It was a hip operation that was fatal to him. Cardinal Pell reportedly died of a heart attack while speaking to an anesthesiologist after the procedure.
Although the timing of his death was surprising, the cause was less so.
Cardinal Pell had a pacemaker fitted in 2010 and six years later he was allowed to testify via video link before the royal abuse commission after a specialist said the presence of high blood pressure and ischemic heart disease meant a long-haul flight posed a serious risk to his health.
It was a disappointing outcome for abuse survivors and their advocates, including comedian and songwriter Tim Minchin.
“Come home, Cardinal Pell, come down from your citadel. It’s spot on, we have a right to know what you knew,” he said in a song that went viral.
Cardinal Pell came home, but not until nearly 18 months later.
Ballarat was his home during the cardinal’s formative years.
He was born to a devout Catholic mother and a non-practicing Anglican father who was a boxing champion and publican.
After studying at Corpus Christi College in Werribee and the Vatican’s Pontifical Urban University, Cardinal Pell was ordained a priest in 1966 in St. Peter’s Basilica.
He was last seen in public at the same basilica in early January, mourning the death of Pope Emeritus Benedict XVI. mourned, who died on December 31st.
And there, on Saturday, a funeral mass will be held for Cardinal Pell and a final blessing will be given by Pope Francis I before his body is taken back to Australia to be buried in the crypt of St Mary’s Cathedral in Sydney, where he once sat as archbishop.
After further studies in Rome and Oxford, England, Cardinal Pell returned to Australia in 1971 as an assistant priest at Swan Hill.
He returned to Ballarat in 1973, became interim Rector at Corpus Christi and was promoted to Auxiliary Bishop of Melbourne in 1987.
Nine years later he became Archbishop of Melbourne and then a storm of sexual abuse allegations erupted, though not against the cardinal – not yet.
It was allegations of abuse by others that led him to found the Melbourne Response, a world-first initiative to investigate claims and provide advice and compensation to survivors.
In 2002, Cardinal Pell faced the first allegations that he too was a perpetrator.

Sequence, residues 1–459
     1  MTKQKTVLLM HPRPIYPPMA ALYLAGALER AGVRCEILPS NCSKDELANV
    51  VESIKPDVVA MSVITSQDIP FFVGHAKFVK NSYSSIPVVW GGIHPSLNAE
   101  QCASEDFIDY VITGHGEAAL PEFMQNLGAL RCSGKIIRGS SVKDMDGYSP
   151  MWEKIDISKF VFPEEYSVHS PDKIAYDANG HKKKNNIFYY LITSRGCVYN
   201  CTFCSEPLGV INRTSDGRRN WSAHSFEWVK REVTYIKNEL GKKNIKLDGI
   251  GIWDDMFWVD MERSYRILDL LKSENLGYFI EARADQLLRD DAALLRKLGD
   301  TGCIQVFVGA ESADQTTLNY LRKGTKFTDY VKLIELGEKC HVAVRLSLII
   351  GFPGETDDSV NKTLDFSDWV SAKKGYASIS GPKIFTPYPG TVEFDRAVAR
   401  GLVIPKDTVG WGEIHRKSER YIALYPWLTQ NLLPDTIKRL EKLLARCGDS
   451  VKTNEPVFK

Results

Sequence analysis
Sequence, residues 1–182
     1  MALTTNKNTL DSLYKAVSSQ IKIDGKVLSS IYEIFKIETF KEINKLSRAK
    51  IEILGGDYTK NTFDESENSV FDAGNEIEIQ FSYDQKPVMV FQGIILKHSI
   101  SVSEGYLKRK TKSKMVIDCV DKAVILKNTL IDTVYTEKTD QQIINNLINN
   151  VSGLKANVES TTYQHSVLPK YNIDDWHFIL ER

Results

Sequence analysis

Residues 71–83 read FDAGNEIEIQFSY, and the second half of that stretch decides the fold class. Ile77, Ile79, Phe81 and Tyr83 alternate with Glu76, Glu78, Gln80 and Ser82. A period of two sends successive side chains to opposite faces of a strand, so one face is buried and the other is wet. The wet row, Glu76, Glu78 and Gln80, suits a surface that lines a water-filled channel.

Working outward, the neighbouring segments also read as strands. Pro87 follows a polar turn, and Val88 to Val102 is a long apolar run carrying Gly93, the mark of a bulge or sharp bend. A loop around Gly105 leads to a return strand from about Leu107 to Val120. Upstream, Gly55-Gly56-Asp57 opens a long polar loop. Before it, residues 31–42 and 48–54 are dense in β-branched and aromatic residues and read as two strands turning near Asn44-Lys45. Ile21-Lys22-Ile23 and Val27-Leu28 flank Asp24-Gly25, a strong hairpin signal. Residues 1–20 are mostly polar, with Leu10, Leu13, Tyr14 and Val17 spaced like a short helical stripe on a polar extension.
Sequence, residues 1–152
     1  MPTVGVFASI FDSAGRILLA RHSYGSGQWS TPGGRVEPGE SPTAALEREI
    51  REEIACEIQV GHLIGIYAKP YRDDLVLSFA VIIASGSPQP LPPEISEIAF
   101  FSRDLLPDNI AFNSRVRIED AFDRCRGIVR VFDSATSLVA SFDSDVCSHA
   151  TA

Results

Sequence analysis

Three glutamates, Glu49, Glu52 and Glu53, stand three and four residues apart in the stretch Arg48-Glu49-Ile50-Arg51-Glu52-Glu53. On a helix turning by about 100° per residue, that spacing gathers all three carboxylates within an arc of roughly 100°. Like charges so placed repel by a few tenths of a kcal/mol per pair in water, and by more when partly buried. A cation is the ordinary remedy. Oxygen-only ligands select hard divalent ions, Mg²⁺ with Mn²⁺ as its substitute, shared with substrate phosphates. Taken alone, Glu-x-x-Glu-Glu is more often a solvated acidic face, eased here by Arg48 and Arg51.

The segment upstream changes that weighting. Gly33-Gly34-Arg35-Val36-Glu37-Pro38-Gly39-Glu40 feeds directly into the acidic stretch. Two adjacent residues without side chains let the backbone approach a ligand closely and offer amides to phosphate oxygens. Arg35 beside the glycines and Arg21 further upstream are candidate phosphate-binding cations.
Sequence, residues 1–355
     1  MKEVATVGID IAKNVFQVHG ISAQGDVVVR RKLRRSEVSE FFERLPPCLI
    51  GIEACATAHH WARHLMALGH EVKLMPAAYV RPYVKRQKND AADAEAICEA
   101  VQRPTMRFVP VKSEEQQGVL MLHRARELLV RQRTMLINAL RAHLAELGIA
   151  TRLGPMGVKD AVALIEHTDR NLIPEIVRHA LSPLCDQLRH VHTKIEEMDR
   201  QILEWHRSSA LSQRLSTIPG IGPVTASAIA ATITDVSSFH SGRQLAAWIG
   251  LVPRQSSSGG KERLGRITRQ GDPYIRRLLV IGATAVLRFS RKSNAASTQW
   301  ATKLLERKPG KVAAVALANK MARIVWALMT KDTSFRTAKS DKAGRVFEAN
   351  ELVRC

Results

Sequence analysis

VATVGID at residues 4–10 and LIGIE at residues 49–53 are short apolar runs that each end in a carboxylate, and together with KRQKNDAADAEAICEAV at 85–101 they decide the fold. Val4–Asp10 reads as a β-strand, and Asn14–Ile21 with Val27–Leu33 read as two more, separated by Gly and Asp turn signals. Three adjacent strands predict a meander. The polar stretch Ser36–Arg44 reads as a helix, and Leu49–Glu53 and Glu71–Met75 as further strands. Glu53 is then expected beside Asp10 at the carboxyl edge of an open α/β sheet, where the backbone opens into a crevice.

Retired Judge Alec Southwell acquitted him of sexually abusing a 12-year-old boy at an altar boy camp in 1962.
A year later, in 2003, he was made a cardinal by Pope John Paul II. A decade later he was the third most powerful man in the Vatican and handed over unprecedented control of its finances.
As usual, Cardinal Pell tendered his resignation when he turned 75. He was repelled.
But he stepped down from the financial role and never returned, having arrived in Melbourne in July 2017 to address abuse allegations made by Victoria Police a month earlier.
He had already publicly denied the allegations – those going to court and others that he had molested several boys in Ballarat in the 1970s – dismissing them as “unfounded and utterly false”.
Cardinal Pell protested his innocence. Before he was convicted, his attorney, Robert Richter KC, lodged an appeal with the Victoria’s Court of Appeal.
The verdict of the jury was confirmed with 2:1. Judge Mark Weinberg, a criminal justice specialist, was the dissenting voter. He had serious doubts about Cardinal Pell’s guilt.
The six-year sentence and a period of no parole, which ended in October 2022, were overturned by the High Court six months later.
The vision of Cardinal Pell’s expulsion from Barwon Prison was televised live. He wasted no time and left Victoria within 24 hours of his release.
He remained in Sydney until COVID-19 travel restrictions were lifted and he could return to the Vatican to live out his days.
His successor as Archbishop of Sydney, Anthony Fisher, performed tributes on Wednesday and said Cardinal Pell’s impact will be long-lasting.
Whether for supporters or opponents, there is no doubt about that.
– Australian Associated Press
https://www.dailymail.co.uk/news/article-11634979/Cardinal-George-Pells-funeral-underway-Vatican.html?ns_mchannel=rss&ns_campaign=1490&ito=1490 Cardinal George Pell’s funeral takes place at the Vatican